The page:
Please Note: Affordable Defence cannot verify Ontario warrants remotely due to privacy and legal constraints. In-person visits to a police station with photo ID are required for confirmation. Visit your local police station for accurate warrant information; phone or online checks are not available due to security requirements.

If the police have a search warrant for your home or property in Toronto, it means that they possess a written order from a judge or justice of the peace providing the right to search a specific place, look for specific items, and take specific items that they find.

In Ontario, a valid search warrant includes the following:

  • The address of the place they are permitted to search
  • The date(s)/times when they can conduct the search
  • Details of the items that the police are looking for

It also includes:

Some search warrants allow searches only during the day and others include nighttime too, but searches are usually conducted in daylight hours. There are strict rules governing what the police can and can’t do.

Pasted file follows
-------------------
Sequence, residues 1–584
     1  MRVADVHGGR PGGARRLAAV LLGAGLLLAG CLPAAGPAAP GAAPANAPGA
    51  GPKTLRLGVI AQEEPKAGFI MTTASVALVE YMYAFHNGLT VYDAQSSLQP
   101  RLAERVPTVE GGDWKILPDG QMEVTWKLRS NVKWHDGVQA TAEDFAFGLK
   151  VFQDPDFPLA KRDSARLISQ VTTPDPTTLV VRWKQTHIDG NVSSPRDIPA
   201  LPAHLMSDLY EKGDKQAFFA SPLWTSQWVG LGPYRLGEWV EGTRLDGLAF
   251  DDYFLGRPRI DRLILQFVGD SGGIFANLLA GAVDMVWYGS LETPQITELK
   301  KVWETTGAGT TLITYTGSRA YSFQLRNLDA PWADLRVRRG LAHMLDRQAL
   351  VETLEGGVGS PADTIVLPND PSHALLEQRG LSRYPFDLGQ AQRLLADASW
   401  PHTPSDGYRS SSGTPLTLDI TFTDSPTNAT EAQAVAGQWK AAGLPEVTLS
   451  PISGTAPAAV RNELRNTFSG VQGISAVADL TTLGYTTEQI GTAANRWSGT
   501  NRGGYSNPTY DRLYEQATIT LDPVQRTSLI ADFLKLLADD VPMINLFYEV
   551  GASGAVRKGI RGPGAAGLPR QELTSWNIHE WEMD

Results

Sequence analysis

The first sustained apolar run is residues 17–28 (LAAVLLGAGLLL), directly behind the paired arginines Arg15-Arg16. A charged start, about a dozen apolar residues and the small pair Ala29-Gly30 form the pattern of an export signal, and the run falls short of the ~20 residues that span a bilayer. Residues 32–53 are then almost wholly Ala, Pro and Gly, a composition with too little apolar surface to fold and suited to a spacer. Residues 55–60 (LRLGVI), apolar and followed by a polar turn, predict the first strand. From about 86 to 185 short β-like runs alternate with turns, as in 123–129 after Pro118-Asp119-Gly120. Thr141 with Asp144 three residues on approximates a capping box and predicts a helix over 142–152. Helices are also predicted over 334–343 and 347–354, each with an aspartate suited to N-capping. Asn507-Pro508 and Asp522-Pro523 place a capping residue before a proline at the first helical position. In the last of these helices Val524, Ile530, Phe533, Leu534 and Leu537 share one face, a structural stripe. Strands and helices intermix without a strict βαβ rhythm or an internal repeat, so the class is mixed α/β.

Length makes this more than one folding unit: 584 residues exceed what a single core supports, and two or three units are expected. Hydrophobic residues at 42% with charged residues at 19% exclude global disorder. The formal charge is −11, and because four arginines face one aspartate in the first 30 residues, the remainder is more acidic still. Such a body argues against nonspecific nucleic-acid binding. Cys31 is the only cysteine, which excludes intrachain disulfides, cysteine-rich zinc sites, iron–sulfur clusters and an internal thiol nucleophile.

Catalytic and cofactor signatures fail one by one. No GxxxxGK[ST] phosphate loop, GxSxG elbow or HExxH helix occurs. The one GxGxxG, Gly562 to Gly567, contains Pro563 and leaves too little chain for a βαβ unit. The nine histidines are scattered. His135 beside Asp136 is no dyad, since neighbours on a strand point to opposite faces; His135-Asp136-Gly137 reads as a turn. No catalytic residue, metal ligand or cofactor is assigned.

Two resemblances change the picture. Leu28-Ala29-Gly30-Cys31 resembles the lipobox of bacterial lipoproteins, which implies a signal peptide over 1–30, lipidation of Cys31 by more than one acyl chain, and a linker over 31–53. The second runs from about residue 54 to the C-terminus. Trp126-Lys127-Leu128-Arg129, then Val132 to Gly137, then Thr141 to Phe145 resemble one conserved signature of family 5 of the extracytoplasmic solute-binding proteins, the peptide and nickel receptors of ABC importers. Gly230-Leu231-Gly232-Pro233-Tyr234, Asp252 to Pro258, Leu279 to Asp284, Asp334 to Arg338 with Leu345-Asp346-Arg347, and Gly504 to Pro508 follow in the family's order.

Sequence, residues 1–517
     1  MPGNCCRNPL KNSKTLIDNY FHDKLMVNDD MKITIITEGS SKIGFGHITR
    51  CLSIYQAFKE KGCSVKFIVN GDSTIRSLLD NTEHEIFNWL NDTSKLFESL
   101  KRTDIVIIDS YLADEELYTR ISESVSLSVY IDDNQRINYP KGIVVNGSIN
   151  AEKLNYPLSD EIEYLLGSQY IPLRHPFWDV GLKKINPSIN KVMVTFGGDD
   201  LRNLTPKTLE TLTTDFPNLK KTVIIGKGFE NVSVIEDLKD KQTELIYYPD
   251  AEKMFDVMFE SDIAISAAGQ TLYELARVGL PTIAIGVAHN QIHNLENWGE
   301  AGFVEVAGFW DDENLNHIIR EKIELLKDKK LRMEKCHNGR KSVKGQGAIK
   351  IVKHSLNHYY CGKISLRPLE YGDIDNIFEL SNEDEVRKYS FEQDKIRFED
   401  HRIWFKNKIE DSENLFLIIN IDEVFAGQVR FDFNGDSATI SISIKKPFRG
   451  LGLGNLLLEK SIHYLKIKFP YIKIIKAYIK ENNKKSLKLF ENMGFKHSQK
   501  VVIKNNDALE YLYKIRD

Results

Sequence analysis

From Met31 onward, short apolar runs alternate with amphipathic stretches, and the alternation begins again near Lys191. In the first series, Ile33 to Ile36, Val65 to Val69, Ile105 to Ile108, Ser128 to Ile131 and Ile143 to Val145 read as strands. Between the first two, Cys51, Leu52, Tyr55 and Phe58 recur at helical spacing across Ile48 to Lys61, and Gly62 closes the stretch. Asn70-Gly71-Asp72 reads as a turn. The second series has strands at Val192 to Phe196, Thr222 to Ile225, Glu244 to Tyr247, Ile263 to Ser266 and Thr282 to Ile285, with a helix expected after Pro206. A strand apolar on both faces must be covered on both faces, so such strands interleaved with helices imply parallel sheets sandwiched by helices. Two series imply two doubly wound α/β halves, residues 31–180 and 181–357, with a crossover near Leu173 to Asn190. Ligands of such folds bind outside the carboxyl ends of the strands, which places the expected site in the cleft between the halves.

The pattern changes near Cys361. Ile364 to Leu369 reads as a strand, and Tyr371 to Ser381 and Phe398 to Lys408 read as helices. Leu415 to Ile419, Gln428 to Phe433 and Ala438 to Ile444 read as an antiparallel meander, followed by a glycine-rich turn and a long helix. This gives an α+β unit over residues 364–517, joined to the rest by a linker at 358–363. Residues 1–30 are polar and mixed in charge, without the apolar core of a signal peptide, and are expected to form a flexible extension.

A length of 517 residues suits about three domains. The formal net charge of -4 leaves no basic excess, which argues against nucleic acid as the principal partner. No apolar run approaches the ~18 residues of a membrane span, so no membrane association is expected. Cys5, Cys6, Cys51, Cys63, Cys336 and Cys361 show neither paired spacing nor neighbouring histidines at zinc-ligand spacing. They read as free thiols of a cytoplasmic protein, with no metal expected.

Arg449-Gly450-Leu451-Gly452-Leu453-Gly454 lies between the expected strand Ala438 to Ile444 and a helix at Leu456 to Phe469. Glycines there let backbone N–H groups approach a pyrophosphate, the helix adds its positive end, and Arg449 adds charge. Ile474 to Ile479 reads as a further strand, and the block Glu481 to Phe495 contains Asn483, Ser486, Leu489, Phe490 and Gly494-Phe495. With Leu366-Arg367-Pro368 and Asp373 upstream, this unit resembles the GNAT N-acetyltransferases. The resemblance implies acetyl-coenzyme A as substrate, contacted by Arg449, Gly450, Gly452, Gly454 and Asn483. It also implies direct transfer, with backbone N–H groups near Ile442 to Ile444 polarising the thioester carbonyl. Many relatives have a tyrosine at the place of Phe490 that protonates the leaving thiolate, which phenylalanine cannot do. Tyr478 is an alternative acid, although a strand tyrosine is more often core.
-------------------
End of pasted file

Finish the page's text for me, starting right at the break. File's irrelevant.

You have rights even in the most troubling situation and it’s important to know what these rights are if you ever get a knock on the door from police with a search warrant.

What is the right to “reasonable search and seizure”?

A search warrant grants the police the right to reasonable search and seizure only. This is a vague term but you are protected under the Canadian Charter of Rights and Freedoms from unreasonable search and seizure.

A valid warrant means that the police have the right to:

  • Enter your property
  • Conduct a brief search to make sure that the property is safe
  • Frisk you to search for weapons if there is a reasonable threat

The definition of “reasonable” can be argued in legal terms but, for instance, the police cannot damage your property without good reason.

However, you should know that if the police knock on your door with a valid search warrant and you do not open it, they can break it down. The police can also use “reasonable force” when conducting the search.

It’s important, however, for a criminal defence lawyer to understand the precise actions of the police when they ask to enter your home and what they do inside. It can greatly aid your defence if you are charged with a crime and the police act unlawfully.

Sometimes, evidence discovered during an illegal search and seizure can be declared inadmissible in court.

Do you have the right to leave?

If the police have a search warrant, they have the right to enter and secure the property. This means that once they are inside, they will do an initial search to check who is present and to ensure that it is safe.